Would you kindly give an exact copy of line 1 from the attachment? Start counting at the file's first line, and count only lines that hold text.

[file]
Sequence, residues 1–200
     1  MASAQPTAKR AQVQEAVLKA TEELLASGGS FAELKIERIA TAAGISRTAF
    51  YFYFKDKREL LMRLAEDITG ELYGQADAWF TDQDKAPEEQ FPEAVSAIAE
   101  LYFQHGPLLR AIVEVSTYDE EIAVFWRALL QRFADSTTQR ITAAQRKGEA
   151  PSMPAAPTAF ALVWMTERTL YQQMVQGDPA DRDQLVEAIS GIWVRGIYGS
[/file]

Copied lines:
Sequence, residues 1–200